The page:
Heartwarming creative genius abounds here, offering visual and aural pleasures aplenty: not to be missed.

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A POND FULL OF INK

A dozen poems from the inimitable Dutch writer magnificently translated and illustrated.

Although she was the winner of the Hans Christian Andersen Prize in 1988, Schmidt’s work, while widely translated elsewhere, is largely little known to English speakers. But through the award-winning talents of Australian translator Colmer and Dutch illustrator Posthuma, this volume—first published in the Netherlands in 2011, 16 years after Schmidt’s death, and for which Posthuma nabbed his second Gouden Penseel prize for best illustrated children’s book—should change all that. Schmidt’s zany characters burst to life in Colmer’s florid translation. Between the ravishingly well-crafted verse, with its tight meter and lithe rhyme, and Posthuma’s stark, richly layered mixed-media illustrations, readers can spend hours savoring each page. Schmidt’s sympathies for the daring and slightly misbehaved shine through in these wry, whimsical sketches. The fairy-tale writer draws from his pond of ink; furniture with legs steps out of the house for a walk; the intolerant Isabella Caramella feeds her hungry pet crocodile, Crabbit; and so on. Seasoned bath avoiders and their kin will thrill at “Belinda Hated Getting Clean…”: From her ink-splotched aura, Medusa-like hair and creepy talons to full-blown leafiness, Posthuma delectably marks Belinda’s transformation from fauna to flora.

Heartwarming creative genius abounds here, offering visual and aural pleasures aplenty: not to be missed. (Picture book/poetry. 6-14)

Pub Date: March 7, 2014

ISBN: 978-0-8028-5433-9

Page Count: 34

Publisher: Eerdmans

Review Posted Online: Jan. 29, 2014

Kirkus Reviews Issue: Feb. 15, 2014

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Which raises the last question: of a satirical stance in lieu of a perspective.

ARE YOU THERE GOD? IT'S ME, MARGARET.

The comical longings of little girls who want to be big girls—exercising to the chant of "We must—we must—increase our bust!"—and the wistful longing of Margaret, who talks comfortably to God, for a religion, come together as her anxiety to be normal, which is natural enough in sixth grade.

And if that's what we want to tell kids, this is a fresh, unclinical case in point: Mrs. Blume (Iggie's House, 1969) has an easy way with words and some choice ones when the occasion arises. But there's danger in the preoccupation with the physical signs of puberty—with growing into a Playboy centerfold, the goal here, though the one girl in the class who's on her way rues it; and with menstruating sooner rather than later —calming Margaret, her mother says she was a late one, but the happy ending is the first drop of blood: the effect is to confirm common anxieties instead of allaying them. (And countertrends notwithstanding, much is made of that first bra, that first dab of lipstick.) More promising is Margaret's pursuit of religion: to decide for herself (earlier than her 'liberal' parents intended), she goes to temple with a grandmother, to church with a friend; but neither makes any sense to her—"Twelve is very late to learn." Fortunately, after a disillusioning sectarian dispute, she resumes talking to God…to thank him for that telltale sign of womanhood.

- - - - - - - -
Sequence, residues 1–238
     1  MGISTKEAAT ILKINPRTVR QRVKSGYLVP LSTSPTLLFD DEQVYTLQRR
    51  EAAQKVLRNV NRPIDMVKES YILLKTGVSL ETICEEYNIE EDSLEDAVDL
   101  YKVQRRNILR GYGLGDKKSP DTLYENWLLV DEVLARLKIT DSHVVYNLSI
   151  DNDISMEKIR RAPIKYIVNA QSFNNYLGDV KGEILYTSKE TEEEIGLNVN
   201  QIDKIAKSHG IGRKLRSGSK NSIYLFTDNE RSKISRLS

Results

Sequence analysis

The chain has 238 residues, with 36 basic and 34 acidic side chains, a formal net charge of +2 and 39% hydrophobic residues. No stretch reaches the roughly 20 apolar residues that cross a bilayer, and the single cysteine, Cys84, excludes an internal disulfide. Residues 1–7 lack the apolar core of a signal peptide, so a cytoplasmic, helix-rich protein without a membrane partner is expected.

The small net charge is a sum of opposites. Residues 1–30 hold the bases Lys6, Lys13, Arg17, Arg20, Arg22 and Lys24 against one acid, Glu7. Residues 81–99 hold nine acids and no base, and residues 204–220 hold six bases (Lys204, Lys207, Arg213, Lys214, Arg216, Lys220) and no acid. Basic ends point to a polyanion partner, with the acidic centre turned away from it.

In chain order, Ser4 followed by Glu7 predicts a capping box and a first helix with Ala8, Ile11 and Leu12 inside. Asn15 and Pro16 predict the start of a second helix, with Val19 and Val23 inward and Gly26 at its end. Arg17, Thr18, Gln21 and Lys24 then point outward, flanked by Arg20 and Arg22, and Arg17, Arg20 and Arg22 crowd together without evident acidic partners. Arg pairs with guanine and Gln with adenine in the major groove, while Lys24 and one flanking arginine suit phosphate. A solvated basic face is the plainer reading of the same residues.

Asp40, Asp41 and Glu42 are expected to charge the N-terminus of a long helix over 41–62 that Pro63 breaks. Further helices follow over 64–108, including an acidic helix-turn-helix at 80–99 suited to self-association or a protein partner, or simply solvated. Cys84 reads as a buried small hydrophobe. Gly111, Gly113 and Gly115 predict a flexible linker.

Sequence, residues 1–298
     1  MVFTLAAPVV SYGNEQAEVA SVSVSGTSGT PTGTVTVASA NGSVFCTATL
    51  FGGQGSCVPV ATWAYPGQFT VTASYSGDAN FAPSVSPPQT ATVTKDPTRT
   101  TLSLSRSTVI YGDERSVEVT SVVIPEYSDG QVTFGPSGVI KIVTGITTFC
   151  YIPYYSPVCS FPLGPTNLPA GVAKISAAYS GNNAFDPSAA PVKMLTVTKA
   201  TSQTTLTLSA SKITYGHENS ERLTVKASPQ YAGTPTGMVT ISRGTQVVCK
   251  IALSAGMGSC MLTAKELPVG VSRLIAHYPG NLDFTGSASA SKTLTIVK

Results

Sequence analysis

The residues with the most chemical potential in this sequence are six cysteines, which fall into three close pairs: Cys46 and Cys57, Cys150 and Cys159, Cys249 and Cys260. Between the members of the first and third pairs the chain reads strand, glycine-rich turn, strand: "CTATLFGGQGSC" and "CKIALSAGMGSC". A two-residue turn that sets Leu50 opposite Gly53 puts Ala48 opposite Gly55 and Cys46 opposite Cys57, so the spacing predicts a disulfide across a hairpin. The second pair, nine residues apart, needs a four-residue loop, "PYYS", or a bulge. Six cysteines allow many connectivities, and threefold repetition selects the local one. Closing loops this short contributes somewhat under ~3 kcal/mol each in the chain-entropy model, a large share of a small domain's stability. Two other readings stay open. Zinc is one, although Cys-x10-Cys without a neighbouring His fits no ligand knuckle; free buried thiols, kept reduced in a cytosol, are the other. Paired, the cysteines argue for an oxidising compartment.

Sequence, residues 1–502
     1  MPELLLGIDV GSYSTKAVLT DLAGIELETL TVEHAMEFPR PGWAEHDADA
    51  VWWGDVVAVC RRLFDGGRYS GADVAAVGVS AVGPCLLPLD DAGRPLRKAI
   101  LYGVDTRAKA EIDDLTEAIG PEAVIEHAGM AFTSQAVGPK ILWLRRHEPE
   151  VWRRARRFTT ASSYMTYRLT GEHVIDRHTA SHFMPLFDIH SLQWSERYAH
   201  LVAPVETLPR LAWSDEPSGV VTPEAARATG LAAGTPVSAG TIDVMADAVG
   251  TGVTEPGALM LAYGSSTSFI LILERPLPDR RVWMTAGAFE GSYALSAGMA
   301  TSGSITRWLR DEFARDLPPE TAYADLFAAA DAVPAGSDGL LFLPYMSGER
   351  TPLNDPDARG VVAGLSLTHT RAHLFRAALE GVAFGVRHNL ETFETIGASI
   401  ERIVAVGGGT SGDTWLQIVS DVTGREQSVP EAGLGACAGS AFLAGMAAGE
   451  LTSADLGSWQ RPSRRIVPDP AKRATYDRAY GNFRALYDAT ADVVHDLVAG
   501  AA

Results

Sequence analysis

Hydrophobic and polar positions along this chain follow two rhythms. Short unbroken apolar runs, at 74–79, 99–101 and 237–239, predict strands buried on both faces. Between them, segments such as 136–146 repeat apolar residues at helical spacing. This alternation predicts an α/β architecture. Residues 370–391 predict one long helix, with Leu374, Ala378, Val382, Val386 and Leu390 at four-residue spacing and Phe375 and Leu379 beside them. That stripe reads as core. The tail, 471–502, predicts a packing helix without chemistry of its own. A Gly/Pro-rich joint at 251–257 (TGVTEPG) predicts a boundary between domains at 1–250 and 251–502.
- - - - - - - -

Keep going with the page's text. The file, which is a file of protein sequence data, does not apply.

Which raises the last question: of a satirical stance in lieu of a perspective.

Pub Date: Oct. 1, 1970

ISBN: 978-1-4814-1397-8

Page Count: 157

Publisher: Bradbury

Review Posted Online: Oct. 15, 2011

Kirkus Reviews Issue: Oct. 1, 1970

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A beautifully rendered setting enfolds a disappointing plot.

A GALAXY OF SEA STARS

In sixth grade, Izzy Mancini’s cozy, loving world falls apart.

She and her family have moved out of the cottage she grew up in. Her mother has spent the summer on Block Island instead of at home with Izzy. Her father has recently returned from military service in Afghanistan partially paralyzed and traumatized. The only people she can count on are Zelda and Piper, her best friends since kindergarten—that is, until the Haidary family moves into the upstairs apartment. At first, Izzy resents the new guests from Afghanistan even though she knows she should be grateful that Dr. Haidary saved her father’s life. But despite her initial resistance (which manifests at times as racism), as Izzy gets to know Sitara, the Haidarys’ daughter, she starts to question whether Zelda and Piper really are her friends for forever—and whether she has the courage to stand up for Sitara against the people she loves. Ferruolo weaves a rich setting, fully immersing readers in the largely white, coastal town of Seabury, Rhode Island. Disappointingly, the story resolves when Izzy convinces her classmates to accept Sitara by revealing the Haidarys’ past as American allies, a position that put them in so much danger that they had to leave home. The idea that Sitara should be embraced only because her family supported America, rather than simply because she is a human being, significantly undermines the purported message of tolerance for all.

A beautifully rendered setting enfolds a disappointing plot. (Fiction. 10-12)

Pub Date: Feb. 4, 2020

ISBN: 978-0-374-30909-1

Page Count: 320

Publisher: Farrar, Straus and Giroux

Review Posted Online: Nov. 24, 2019

Kirkus Reviews Issue: Dec. 15, 2019

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